Plus, most policies focus on survivors of domestic violence (re)integration but don’t account for external factors such as mental health issues or children. For instance, employers and companies need to give women the flexibility to recover and sort out their lives (e.g. without needing to still keep up with a regular work schedule, for instance). Specific needs might arise depending on every situation. For this reason, it is vital to create tools and resources that might contribute to empathising, understanding, and offering better conditions, putting women at the centre.
The socio-professional (re)integration and job retention are essential for the holistic recovery of women confronted with domestic violence.
As mentioned above, field workers facing many difficulties and companies lacking knowledge and resources in the socio-professional (re)integration of women confronted with domestic violence persist. However, as stated during the ACTIV case studies and focus groups developed, for women confronted with this type of violence, access to employment and job retention is one of the steps that might help them to stop the circle of violence they are embedded in, and it is needed for their holistic recovery.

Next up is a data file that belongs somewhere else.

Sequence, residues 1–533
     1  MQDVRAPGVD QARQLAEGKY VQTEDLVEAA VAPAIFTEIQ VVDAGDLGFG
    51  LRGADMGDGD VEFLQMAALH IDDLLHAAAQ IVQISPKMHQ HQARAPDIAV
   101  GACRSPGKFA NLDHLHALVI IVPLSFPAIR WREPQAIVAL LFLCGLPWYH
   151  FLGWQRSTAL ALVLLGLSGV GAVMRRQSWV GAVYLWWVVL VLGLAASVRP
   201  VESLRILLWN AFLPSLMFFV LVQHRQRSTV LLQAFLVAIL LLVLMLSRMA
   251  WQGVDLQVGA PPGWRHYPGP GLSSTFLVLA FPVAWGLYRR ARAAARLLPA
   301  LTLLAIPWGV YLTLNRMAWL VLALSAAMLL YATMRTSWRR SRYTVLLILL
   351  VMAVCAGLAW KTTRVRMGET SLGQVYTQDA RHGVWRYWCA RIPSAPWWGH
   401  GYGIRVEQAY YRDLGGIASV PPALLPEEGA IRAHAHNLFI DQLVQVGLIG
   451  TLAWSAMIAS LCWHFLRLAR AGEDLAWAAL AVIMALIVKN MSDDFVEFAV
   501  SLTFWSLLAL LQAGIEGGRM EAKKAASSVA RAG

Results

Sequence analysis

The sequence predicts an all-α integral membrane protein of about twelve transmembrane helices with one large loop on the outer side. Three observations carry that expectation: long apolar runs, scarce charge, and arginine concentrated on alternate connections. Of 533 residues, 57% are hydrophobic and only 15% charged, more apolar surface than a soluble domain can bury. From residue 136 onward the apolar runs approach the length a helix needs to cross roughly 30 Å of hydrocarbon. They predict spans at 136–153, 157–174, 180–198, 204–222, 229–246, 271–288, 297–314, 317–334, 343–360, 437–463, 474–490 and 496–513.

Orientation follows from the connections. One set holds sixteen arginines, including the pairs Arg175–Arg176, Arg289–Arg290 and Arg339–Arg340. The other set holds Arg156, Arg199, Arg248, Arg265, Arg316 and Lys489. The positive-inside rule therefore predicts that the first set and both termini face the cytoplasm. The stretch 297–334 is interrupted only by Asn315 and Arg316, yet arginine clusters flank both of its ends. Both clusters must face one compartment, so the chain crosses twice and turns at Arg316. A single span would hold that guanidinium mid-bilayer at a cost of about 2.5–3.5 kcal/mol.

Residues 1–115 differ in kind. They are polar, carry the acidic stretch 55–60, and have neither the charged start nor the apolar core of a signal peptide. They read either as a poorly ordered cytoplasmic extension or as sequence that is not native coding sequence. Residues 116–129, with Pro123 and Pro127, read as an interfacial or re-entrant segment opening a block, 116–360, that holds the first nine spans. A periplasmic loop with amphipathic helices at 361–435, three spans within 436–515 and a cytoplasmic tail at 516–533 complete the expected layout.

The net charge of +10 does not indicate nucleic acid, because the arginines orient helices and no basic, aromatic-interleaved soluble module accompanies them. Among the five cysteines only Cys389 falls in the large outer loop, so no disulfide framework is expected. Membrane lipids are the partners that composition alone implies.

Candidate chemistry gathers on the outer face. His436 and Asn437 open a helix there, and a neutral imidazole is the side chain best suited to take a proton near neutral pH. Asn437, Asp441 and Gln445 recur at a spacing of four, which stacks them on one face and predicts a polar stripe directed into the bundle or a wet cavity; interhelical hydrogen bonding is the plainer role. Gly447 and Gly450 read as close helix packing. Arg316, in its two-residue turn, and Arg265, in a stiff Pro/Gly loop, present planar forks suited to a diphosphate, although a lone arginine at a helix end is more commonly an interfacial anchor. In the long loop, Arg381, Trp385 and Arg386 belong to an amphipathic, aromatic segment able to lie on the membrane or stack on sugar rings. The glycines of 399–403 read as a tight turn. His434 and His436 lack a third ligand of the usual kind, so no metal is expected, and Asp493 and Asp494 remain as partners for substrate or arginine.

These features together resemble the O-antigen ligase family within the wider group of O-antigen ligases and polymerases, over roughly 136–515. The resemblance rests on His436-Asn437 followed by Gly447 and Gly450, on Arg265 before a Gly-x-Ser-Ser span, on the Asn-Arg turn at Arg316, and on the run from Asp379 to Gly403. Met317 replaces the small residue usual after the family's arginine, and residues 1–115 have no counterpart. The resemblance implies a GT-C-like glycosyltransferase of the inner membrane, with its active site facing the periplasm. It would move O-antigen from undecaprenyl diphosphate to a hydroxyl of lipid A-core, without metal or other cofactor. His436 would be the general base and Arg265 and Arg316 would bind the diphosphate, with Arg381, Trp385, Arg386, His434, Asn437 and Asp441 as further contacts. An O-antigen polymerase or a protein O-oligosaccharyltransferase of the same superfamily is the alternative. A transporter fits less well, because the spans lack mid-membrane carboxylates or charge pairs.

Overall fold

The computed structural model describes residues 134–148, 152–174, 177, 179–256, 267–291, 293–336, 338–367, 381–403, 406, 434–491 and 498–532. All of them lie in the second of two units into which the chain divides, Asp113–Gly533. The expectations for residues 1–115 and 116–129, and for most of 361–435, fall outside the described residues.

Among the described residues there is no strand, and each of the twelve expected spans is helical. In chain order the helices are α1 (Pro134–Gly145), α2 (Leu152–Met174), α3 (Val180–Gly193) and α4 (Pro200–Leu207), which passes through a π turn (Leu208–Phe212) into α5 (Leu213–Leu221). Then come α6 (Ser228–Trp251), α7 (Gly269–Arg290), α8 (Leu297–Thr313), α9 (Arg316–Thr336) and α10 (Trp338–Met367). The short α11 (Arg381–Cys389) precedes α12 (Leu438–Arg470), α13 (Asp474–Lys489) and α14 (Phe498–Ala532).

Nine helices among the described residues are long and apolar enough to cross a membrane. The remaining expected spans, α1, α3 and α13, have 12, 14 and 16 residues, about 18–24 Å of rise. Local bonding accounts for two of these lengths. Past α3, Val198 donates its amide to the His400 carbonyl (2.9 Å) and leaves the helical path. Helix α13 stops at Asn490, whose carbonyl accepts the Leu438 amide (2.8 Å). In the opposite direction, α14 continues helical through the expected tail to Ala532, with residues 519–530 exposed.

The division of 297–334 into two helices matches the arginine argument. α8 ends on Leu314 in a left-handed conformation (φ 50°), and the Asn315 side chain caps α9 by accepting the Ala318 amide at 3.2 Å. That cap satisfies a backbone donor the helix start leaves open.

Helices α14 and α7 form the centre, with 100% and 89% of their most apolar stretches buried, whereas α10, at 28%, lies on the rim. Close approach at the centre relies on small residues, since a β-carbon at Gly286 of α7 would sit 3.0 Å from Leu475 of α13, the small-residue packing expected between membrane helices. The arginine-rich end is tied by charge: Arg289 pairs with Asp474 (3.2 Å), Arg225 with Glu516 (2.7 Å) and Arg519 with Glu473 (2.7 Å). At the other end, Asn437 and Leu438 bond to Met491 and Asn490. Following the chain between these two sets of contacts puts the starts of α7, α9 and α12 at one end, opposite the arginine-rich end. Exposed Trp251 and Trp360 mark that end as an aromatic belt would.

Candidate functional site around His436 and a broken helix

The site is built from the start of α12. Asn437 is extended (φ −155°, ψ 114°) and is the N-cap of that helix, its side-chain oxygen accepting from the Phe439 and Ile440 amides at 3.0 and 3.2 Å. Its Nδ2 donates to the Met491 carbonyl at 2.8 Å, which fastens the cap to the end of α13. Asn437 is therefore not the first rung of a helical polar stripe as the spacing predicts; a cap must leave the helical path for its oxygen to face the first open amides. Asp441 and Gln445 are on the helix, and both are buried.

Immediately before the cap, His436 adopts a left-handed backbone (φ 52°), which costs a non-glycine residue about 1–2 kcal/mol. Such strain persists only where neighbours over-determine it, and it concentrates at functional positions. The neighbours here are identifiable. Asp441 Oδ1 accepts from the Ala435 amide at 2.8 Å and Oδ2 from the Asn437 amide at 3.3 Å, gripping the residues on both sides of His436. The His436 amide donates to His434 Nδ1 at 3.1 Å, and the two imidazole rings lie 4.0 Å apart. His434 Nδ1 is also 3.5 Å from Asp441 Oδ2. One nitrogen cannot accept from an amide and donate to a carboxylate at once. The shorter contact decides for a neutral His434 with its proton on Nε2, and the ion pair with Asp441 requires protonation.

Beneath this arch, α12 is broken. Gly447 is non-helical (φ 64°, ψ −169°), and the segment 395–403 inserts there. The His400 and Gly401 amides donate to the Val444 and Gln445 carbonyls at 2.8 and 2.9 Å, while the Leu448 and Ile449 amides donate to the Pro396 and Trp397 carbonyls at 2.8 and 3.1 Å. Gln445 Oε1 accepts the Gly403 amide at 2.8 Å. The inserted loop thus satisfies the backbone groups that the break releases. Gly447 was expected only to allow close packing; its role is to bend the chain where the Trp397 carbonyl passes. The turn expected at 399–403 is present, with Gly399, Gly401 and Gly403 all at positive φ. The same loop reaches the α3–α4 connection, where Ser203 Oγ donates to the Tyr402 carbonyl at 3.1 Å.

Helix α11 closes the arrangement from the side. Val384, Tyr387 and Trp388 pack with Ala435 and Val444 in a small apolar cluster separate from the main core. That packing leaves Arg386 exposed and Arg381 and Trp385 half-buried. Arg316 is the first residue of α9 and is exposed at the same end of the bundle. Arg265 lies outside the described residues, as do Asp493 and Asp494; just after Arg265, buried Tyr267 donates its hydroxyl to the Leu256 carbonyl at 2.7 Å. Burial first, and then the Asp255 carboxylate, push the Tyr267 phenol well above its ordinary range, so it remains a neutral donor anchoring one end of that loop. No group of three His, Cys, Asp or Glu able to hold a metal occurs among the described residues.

For women confronted with domestic violence, the possibility of having a job helps them to achieve financial, social, psychological, and emotional independence. It permits them economic independence and gives them agency and strength so they can stop their link with the aggressor. It also helps them in their emotional, psychological, and physical recuperation. Besides, leaving their house permits them to enhance personal relations and promote self-esteem, security, and stability. For their recovery, the support, autonomy, and income provided by labour reinsertion are essential. Thus, labour (re)insertion and job retention are key factors in their life and relation normalisation. However, this is a difficult process they have to go through. It is a non-linear and intermittent pathway women must face.